Agenda item

21/08506/RM Reserved Matters Application for 785 dwellings relating to scale, layout, appearance and landscaping pursuant to Outline Application (17/02594/OT) at Land off Racecourse Approach Wetherby, LS22.

The report of the Chief Planning Officer sets out a reserved matters application for 785 dwellings relating to scale, layout, appearance and landscaping pursuant to Outline Application (17/02594/OT) at Land off Racecourse Approach Wetherby, LS22.


The Chief Planning Officer presented a Reserved Matters application to the Plans Panel for 785 dwellings relating to scale, layout, appearance and landscaping pursuant to outline application 17/02594/OT at land off Racecourse Approach Wetherby LS22.


Members had attended a site visit earlier in the day. Slides and photographs were shown during the meeting.


Members were informed of the following points:

·  This site is a recognised development opportunity which forms part of the allocation in the Site Allocations Plan (SAP) on the northern edge of Wetherby.

·  This application is pursuant to an outline consent which was granted approval at City Plans Panel in August 2020 subject to a comprehensive list of conditions and the completion of a Section 106 Agreement. The Section 106 Agreement was completed on 20th September 2021.

·  This Reserved Matters application seeks consent for 785 dwellings

and detailed consideration of scale, layout, appearance and landscaping.

·  This is a residential development of 785 units comprising of a mix of detached, semi-detached, apartments and terraced dwellings. There would be 713 houses and 72 apartments.

·  The proposal also has 275 affordable units in a mix of 24 x two bedroom apartments, 122 x two bedroom houses, 105 x three bedroom houses and 24x four bedroom houses. This meets the affordable housing requirement.

·  Members were advised that the Council is reviewing the demand for 4 bedroom houses in this area.

·  The dwellings will be compliant with required internal space standards. The houses would be of traditional design with chimneys, using traditional materials. The housing mix was proposed as terraces, semi-detached and detached houses. Apartments were proposed as being 3 storeys, there would be 4 blocks sited close to the young offenders buildings.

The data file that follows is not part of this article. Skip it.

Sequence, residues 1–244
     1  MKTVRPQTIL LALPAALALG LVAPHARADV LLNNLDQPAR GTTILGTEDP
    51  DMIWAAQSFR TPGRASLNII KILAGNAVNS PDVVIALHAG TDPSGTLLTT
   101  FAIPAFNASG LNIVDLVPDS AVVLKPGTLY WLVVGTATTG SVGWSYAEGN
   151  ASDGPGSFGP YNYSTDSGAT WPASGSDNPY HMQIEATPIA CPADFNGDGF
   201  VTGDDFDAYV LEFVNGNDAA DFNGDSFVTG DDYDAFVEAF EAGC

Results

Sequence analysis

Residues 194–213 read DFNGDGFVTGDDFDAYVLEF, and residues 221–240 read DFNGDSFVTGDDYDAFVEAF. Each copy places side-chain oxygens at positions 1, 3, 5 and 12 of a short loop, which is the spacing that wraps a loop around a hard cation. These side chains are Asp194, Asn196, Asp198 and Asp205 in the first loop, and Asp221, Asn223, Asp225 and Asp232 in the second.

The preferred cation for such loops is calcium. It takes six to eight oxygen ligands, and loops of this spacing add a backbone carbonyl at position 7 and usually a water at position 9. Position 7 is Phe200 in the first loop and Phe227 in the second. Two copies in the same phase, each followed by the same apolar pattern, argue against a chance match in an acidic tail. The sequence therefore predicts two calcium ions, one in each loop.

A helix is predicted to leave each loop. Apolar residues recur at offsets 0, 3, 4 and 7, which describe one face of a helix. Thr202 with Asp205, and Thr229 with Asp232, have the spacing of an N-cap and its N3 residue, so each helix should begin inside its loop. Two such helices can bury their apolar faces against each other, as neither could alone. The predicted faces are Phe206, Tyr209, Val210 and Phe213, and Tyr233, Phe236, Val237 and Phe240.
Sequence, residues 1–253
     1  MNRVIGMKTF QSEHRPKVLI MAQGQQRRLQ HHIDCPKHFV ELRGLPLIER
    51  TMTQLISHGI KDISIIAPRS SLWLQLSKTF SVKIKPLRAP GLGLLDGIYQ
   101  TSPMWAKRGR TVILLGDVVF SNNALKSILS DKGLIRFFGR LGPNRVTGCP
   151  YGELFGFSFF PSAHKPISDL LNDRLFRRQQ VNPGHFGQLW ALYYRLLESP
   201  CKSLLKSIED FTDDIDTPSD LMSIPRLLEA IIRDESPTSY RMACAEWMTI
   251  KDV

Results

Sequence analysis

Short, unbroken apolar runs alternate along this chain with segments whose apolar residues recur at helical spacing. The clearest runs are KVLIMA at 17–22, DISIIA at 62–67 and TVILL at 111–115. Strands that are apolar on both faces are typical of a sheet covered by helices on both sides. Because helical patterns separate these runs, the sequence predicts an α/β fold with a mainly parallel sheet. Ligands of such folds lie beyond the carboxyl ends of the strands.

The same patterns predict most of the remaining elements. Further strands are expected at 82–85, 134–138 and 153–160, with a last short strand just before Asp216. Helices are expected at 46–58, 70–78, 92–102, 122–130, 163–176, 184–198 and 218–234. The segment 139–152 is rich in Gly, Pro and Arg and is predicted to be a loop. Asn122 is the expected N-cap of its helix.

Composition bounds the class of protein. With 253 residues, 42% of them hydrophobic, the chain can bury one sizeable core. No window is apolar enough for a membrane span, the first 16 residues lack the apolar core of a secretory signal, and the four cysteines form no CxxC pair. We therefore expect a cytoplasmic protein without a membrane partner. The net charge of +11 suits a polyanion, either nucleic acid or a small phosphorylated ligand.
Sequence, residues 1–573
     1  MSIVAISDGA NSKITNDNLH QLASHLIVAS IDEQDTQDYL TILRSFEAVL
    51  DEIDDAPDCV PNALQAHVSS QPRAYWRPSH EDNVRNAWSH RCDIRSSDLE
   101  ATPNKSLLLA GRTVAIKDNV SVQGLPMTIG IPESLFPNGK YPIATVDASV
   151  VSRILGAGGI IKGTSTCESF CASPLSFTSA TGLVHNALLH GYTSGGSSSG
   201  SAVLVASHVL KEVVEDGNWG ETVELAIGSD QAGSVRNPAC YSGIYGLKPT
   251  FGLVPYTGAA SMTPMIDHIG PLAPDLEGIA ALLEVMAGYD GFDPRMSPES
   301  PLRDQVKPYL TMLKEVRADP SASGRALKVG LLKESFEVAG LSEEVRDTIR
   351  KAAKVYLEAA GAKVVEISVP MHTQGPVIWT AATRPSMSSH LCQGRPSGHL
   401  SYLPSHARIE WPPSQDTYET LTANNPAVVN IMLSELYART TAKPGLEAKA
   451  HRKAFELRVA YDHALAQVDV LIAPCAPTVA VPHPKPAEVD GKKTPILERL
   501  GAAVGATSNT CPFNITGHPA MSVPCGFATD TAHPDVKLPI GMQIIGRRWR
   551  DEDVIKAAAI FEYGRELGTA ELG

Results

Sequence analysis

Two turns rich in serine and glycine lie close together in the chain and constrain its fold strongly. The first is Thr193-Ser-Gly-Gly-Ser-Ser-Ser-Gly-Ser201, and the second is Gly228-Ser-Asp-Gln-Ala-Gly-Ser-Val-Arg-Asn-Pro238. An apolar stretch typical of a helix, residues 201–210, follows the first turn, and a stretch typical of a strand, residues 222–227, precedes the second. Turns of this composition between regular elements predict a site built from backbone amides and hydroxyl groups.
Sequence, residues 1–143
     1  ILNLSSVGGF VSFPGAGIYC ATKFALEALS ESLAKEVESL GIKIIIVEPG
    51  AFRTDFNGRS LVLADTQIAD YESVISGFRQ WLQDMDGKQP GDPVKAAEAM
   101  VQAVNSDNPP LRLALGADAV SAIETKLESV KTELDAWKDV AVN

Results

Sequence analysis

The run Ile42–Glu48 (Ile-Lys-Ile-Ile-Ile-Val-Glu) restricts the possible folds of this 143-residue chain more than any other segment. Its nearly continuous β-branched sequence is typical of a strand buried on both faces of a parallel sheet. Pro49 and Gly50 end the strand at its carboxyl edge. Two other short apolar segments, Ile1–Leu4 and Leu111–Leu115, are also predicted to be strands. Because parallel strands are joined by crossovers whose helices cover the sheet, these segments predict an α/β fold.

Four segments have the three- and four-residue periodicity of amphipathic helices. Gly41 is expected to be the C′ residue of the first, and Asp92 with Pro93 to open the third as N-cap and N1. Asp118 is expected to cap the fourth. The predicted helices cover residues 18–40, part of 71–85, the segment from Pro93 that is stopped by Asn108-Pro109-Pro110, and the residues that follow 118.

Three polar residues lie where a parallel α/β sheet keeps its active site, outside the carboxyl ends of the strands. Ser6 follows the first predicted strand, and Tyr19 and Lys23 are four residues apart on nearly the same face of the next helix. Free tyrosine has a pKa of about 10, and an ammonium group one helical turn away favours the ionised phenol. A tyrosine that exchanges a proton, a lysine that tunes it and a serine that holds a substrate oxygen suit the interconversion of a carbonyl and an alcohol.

·  The site will be accessed from three access points from Racecourse Approach, a comprehensive internal road layout will serve the development. This would retain the tree lined ‘Avenue’ in the south- eastern area of the site.

·  The proposed development features a central hub comprising of a primary school, retail unit and play area. Members were asked to note that the primary school and retail unit would be subject to separate planning applications.

·  The existing Public Rights of Way are to be retained and connect to new footpaths.

·  The design would see the retention and protection of natural features including Cockshot Wood and Sand Beck. A series of connecting green and blue spaces are proposed throughout the site. Various NEAP’s, LEAP’s and LAP’s are proposed as well as additional tree planting and landscaping.


Mr Owen from the Better Wetherby Partnership attended the meeting to inform the Panel why the Partnership objects to the proposals, along with Mr Catton of Wetherby Civic Society who was there to answer questions.


Mr Owen informed the Panel of the following points:

·  The Better Wetherby Partnership had attended the workshops and he said for the record that officers had provided good work at these workshops.

·  This scheme as it currently exists was proposed pre- recession. The country is now heading towards another recession with increased fuel costs etc.

·  Concerns in relation to chimney pots was raised in relation to the climate emergency given the emissions into the atmosphere.

·  He said that there was a reliance on brick and the group were requesting the use of more timber in the architectural design of the houses.

·  The group had concerns about the location of the site close to the A1M in relation to air quality and noise pollution. It was noted that a site close to this proposed site already had issues with noise. It was noted that Mr Tim Summers had already undertaken a noise survey and this should be considered. Mr Owen appreciated that this survey was on the planning portal, however it would need to be updated. Mr Owen was of the view that some of the proposed affordable houses were situated close to the A1M and the families who would live in these would need safeguarding from the noise and air pollution caused by the A1M.

·  It is envisaged there will be disruption during the construction process.  Construction Management Plans are often required, but seldom adhered to and this needed to be thoroughly considered.

·  Concerns were raised in relation to the access points along York Road, where there had been two fatal accidents. It was the view that traffic management should be looked at in this location.

·  Mr Owen made mention of errors within the report and was asked to clarify these for the benefit of the Panel. The following was noted:

o  Paragraph 45 in relation to consultation. The public consultation was stated as having been held on the wrong date.